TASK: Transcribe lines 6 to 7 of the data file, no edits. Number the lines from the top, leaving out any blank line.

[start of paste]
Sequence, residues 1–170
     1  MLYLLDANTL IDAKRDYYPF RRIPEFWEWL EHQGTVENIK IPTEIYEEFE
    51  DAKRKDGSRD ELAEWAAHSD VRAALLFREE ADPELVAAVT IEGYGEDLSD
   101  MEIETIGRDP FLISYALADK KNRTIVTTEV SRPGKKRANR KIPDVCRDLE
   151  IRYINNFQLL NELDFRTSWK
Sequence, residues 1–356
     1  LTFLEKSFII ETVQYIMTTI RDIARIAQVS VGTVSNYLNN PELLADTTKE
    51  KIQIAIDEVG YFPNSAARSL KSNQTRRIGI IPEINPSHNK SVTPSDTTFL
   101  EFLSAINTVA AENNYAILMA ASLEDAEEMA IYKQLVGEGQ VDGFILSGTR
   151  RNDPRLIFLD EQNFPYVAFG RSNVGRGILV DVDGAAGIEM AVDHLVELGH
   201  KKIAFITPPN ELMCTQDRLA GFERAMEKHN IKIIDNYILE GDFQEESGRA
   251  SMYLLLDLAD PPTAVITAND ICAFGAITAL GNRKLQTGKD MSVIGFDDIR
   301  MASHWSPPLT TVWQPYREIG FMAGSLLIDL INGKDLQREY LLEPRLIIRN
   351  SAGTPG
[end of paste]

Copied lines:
Sequence, residues 1–356
     1  LTFLEKSFII ETVQYIMTTI RDIARIAQVS VGTVSNYLNN PELLADTTKE